Documentation generator for GitHub:Pages.


Quicky and dirty project documentation in the spirit of Docco.

Edify is a quick and dirty publishing platform for your gh-pages. It is Docco inspired, but not quite as quick and dirty as Docco.

This works. This does not always work. Does it work if I wait a beat to serve it? Now this doesn't work. It just wants to work.

Why won't this work? Guess it needs a beat. Waiting that half a second does it. I don't like the aribtrary wait. Can I detect a real change?

Okay. Mark as dirty. There ought to be enough time between the write and the reload to trigger a rebuild. That did it. No more problems! Yeah! So now I have to style these. Let's try to style the Docco.

Added timeout. Hello?

  • Wondering if I want to implement globs.
  • Probably want to feed a file name to a template so that the file name is relative to the root of the project, or the directory where it was told to search.
  • Patterns should match relative to the project root.
  • Name collisions are a problem in C. A .h file and a .c file may share the same names.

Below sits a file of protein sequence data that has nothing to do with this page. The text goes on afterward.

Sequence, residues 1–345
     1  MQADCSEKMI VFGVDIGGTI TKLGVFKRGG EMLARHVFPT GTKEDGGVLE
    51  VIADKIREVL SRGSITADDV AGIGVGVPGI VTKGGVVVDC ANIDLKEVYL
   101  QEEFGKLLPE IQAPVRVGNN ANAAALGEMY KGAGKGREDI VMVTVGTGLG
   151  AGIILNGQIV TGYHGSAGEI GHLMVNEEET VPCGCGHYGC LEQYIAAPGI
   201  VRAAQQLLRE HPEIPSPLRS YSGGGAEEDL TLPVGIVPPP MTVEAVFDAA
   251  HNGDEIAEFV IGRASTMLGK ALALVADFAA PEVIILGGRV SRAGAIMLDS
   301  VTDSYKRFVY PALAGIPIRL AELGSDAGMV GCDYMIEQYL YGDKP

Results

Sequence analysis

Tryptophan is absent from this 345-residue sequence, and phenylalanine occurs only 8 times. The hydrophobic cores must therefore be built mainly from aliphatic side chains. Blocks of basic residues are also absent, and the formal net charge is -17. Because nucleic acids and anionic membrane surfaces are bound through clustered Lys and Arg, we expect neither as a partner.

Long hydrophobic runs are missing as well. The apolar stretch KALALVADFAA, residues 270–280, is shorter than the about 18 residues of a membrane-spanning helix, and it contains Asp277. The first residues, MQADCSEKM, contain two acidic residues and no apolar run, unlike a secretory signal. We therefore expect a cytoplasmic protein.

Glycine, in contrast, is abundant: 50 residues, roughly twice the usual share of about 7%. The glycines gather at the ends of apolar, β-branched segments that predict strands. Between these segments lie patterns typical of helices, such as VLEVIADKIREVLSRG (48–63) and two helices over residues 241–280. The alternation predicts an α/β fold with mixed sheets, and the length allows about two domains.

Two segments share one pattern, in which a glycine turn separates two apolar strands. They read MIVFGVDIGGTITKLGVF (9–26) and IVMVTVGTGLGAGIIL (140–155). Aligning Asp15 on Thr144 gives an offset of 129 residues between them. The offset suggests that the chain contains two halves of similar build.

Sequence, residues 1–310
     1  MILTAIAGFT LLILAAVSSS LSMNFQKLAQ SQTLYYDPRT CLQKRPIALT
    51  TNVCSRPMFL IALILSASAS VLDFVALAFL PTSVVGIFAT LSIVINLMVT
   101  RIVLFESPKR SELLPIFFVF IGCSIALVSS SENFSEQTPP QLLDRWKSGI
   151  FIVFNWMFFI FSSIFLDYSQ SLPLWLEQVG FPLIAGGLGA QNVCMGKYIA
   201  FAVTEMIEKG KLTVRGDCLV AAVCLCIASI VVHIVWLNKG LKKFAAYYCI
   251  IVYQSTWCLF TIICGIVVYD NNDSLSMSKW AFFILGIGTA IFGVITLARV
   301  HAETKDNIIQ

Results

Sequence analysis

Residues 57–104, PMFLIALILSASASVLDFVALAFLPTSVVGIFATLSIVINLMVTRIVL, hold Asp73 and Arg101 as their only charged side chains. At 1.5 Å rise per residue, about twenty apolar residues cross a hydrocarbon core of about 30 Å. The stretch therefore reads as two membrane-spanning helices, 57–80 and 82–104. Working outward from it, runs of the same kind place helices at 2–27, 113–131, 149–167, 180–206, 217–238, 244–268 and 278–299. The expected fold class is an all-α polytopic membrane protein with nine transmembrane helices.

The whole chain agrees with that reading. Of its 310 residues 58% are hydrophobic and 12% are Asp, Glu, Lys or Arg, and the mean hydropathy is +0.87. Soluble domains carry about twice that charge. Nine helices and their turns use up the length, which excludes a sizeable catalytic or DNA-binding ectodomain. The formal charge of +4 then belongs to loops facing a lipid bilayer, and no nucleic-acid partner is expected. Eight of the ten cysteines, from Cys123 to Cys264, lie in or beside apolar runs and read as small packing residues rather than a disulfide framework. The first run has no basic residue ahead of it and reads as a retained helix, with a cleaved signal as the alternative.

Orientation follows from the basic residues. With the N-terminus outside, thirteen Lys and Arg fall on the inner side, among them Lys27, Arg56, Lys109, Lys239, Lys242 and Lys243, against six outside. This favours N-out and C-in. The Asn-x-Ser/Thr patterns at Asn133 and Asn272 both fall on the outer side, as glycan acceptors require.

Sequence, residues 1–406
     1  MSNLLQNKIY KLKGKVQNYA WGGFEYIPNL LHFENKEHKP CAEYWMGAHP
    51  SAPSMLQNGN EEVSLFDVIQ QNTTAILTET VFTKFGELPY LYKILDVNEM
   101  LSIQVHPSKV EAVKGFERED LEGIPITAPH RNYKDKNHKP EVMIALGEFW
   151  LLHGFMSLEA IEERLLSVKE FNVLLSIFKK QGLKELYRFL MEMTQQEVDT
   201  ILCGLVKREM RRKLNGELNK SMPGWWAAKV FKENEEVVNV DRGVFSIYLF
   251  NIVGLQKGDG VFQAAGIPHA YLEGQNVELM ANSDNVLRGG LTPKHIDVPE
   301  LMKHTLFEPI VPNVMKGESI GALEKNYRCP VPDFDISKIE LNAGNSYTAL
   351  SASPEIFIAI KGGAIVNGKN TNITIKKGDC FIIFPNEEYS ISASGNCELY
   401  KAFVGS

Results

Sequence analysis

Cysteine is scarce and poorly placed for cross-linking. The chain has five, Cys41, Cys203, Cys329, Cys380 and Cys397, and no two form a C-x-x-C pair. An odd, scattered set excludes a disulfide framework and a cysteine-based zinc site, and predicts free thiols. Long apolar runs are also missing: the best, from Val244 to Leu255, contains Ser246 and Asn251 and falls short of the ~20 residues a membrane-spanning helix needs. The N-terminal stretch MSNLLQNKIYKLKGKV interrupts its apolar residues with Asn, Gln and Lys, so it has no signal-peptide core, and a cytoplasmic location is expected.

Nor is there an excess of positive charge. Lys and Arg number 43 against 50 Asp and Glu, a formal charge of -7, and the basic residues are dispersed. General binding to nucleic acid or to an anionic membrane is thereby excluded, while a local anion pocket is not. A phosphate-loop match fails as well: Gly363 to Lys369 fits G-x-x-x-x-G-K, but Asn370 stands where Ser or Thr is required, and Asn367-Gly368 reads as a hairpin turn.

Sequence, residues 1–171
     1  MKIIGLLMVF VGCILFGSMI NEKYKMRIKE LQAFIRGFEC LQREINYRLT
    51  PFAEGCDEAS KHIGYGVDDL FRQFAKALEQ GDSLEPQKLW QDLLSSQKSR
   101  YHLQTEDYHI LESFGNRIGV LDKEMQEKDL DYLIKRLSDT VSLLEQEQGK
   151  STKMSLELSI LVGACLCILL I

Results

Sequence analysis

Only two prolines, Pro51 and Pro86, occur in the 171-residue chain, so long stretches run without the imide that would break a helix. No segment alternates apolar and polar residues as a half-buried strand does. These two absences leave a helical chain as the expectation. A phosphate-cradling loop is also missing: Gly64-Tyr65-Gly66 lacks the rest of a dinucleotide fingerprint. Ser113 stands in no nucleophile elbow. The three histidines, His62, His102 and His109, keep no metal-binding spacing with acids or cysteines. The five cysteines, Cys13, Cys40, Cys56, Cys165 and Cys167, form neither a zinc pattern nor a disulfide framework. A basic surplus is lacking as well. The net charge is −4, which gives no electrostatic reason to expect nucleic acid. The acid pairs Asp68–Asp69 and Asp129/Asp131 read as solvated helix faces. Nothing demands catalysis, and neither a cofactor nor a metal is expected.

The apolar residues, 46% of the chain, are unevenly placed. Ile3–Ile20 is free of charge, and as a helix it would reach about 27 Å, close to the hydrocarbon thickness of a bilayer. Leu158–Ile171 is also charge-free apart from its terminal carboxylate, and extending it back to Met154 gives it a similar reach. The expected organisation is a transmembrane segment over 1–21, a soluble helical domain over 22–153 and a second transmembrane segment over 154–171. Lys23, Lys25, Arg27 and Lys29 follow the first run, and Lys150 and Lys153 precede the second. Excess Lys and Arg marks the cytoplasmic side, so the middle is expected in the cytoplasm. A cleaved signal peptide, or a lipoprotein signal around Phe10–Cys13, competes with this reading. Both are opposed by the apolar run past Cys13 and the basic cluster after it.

• Base is annoying. We probably base off of a project subdirectory most of the time as in /edify, but this is going to be goofy when people view Markdown files in GitHub, they will be relative to GitHub. I'd like to be able to have those rewritten when served locally, stripping the prefix so it will navigate correctly.

Using Cakefile as the interface to Edify. Got this idea from my own batch of Cakefile utilities, Twinkie. The problem with Twinkie is that we want people to check out and build immediately, so it must be written in pure CoffeeScript, because too many build dependencies are going to frustrate adoption. Generating an entire web site, that requires something. People already use a command line application do this, they are expecting it. We'll require that you run npm, which they expect, but then run cake. All the configuration goes into the Cakefile.

Edify requires Pygments to format code blocks. You can install Pygments using easy_install Pygments. I've had a lot of success pulling pygments from the the Mercurial repository and installing using sudo python setup.py.